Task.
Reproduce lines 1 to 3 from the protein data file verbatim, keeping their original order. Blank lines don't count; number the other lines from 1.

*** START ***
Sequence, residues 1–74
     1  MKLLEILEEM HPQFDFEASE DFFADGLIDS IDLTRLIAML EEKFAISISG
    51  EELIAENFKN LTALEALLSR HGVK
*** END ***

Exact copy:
Sequence, residues 1–74
     1  MKLLEILEEM HPQFDFEASE DFFADGLIDS IDLTRLIAML EEKFAISISG
    51  EELIAENFKN LTALEALLSR HGVK